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AU - Xu, Y. Z.

AU - Xu, D. F.

AU - Shen, G. R.

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N2 - Copper is known to form complexes with bilirubin (H2BR). Such complexes have received increased attention because of their clinical significance as free-radical scavengers. The purpose of this study was to examine a series of Cu2+ BR complexes to ascertain the nature of the binding between Cu2+ and BR. Several physical mea-surements of the salts were made, such as Fourier transform infrared (FT-IR) and electron paramagnetic resonance (EPR). The complexes were prepared by dissolving protonated BR in NaOH and adding different ratios of aqueous CuCl2. At ratios of Cu2+/H2BR of 1:1 and 2:1, soluble complexes were formed. In solution, EPR spectra demonstrated nine hyperflne peaks, which, from the splitting, is indicative of Cu2+ coordinated to four nitrogen atoms coming from two molecules of BR. The solid obtained from the solutions demonstrated predominant infrared absorptions at 1574 and 1403 cm-1 (previously assigned as COO vibrations, asymmetric and symmetric), whereas the 1710-cm-1 vibration appears only as a shoulder (previously assigned as the free COOH vibration), indicative that most of the COO groups have reacted with sodium, thus accounting for the aqueous solubility. The NH stretching vibration in the pyrrole group of H2BR has disappeared and is replaced with the OH stretching vibration in H2O. At higher ratios of 3:1 and 5:1 (Cu2+/H2BR), black precipitates are formed, which produce no EPR signals. Furthermore, the NH vibration disappears as in the soluble solution complexes. It can be concluded that the insoluble salts (higher Cu2+XH2BR ratios) are mixed complexes containing the Cu-nitrogen chelate and Cu salts involving the COOH groups.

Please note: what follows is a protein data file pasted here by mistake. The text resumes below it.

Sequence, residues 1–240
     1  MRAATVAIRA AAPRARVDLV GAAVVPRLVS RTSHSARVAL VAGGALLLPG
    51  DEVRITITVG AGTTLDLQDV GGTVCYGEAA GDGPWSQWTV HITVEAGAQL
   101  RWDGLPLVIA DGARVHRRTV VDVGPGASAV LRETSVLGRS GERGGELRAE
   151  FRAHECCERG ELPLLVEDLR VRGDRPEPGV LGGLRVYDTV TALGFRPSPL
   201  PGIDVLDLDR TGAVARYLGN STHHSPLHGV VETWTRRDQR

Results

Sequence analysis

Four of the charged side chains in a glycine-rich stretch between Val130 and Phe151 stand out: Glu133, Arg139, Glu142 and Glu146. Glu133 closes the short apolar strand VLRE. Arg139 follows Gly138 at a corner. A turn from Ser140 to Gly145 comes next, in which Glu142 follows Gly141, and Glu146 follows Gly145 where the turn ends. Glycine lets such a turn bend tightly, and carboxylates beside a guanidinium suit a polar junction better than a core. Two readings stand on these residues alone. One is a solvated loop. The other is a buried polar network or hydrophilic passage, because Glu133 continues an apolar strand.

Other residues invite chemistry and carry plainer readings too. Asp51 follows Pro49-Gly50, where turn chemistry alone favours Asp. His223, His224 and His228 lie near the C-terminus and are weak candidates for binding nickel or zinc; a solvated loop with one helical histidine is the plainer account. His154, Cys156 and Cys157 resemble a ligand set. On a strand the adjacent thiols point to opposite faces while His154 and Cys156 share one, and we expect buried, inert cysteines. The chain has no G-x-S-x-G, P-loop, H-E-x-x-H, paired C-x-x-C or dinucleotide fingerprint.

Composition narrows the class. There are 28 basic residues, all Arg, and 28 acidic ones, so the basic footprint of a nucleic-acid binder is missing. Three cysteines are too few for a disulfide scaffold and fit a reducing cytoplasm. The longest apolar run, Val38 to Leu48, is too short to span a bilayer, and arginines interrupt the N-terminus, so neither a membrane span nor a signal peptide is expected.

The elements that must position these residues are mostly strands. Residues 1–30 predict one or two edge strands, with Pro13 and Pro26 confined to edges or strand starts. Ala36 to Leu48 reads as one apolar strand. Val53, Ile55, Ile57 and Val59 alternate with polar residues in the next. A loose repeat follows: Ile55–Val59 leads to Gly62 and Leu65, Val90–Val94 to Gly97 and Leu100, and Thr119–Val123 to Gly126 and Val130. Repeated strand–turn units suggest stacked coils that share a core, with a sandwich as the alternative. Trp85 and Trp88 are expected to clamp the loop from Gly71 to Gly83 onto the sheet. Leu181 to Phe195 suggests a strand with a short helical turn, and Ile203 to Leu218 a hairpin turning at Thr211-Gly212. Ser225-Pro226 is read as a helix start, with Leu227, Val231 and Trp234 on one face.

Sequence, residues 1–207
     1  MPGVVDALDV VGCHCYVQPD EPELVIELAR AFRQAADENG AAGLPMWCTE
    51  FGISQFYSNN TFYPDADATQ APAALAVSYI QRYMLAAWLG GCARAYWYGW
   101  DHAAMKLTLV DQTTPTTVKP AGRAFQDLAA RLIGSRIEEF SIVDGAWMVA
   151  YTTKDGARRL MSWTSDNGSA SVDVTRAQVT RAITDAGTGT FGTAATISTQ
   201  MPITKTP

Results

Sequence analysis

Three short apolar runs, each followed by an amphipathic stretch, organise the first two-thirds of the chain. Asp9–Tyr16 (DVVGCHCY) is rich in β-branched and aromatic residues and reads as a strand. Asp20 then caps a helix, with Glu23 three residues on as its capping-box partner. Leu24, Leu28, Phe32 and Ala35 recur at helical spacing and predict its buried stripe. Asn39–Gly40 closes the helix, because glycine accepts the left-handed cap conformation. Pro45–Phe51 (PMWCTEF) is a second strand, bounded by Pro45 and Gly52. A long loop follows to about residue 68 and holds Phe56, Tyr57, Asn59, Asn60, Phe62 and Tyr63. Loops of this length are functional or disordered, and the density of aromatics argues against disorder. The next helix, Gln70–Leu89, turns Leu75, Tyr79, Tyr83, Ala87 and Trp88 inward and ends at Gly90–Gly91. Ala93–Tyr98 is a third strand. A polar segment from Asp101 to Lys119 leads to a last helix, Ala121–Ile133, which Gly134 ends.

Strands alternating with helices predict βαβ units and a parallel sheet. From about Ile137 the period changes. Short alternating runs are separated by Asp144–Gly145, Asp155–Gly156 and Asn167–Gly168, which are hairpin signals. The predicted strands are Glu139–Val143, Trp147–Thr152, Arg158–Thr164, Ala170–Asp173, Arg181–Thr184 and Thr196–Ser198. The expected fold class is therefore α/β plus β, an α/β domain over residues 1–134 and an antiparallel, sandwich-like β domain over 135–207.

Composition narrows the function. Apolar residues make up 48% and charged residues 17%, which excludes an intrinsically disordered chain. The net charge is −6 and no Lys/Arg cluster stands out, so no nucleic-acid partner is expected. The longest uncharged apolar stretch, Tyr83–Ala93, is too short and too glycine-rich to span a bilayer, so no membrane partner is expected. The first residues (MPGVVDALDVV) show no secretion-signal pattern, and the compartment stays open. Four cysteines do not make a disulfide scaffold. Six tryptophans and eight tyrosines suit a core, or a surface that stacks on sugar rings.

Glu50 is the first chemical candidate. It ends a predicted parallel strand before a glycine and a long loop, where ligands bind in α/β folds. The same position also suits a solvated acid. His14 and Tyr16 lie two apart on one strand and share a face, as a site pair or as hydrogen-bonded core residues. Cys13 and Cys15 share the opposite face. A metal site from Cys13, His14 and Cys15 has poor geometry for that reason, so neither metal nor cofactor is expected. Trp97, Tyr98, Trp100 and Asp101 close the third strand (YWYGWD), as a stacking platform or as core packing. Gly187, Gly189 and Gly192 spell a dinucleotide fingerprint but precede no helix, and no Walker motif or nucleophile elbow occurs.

AB - Copper is known to form complexes with bilirubin (H2BR). Such complexes have received increased attention because of their clinical significance as free-radical scavengers. The purpose of this study was to examine a series of Cu2+ BR complexes to ascertain the nature of the binding between Cu2+ and BR. Several physical mea-surements of the salts were made, such as Fourier transform infrared (FT-IR) and electron paramagnetic resonance (EPR). The complexes were prepared by dissolving protonated BR in NaOH and adding different ratios of aqueous CuCl2. At ratios of Cu2+/H2BR of 1:1 and 2:1, soluble complexes were formed. In solution, EPR spectra demonstrated nine hyperflne peaks, which, from the splitting, is indicative of Cu2+ coordinated to four nitrogen atoms coming from two molecules of BR. The solid obtained from the solutions demonstrated predominant infrared absorptions at 1574 and 1403 cm-1 (previously assigned as COO vibrations, asymmetric and symmetric), whereas the 1710-cm-1 vibration appears only as a shoulder (previously assigned as the free COOH vibration), indicative that most of the COO groups have reacted with sodium, thus accounting for the aqueous solubility. The NH stretching vibration in the pyrrole group of H2BR has disappeared and is replaced with the OH stretching vibration in H2O. At higher ratios of 3:1 and 5:1 (Cu2+/H2BR), black precipitates are formed, which produce no EPR signals. Furthermore, the NH vibration disappears as in the soluble solution complexes. It can be concluded that the insoluble salts (higher Cu2+XH2BR ratios) are mixed complexes containing the Cu-nitrogen chelate and Cu salts involving the COOH groups.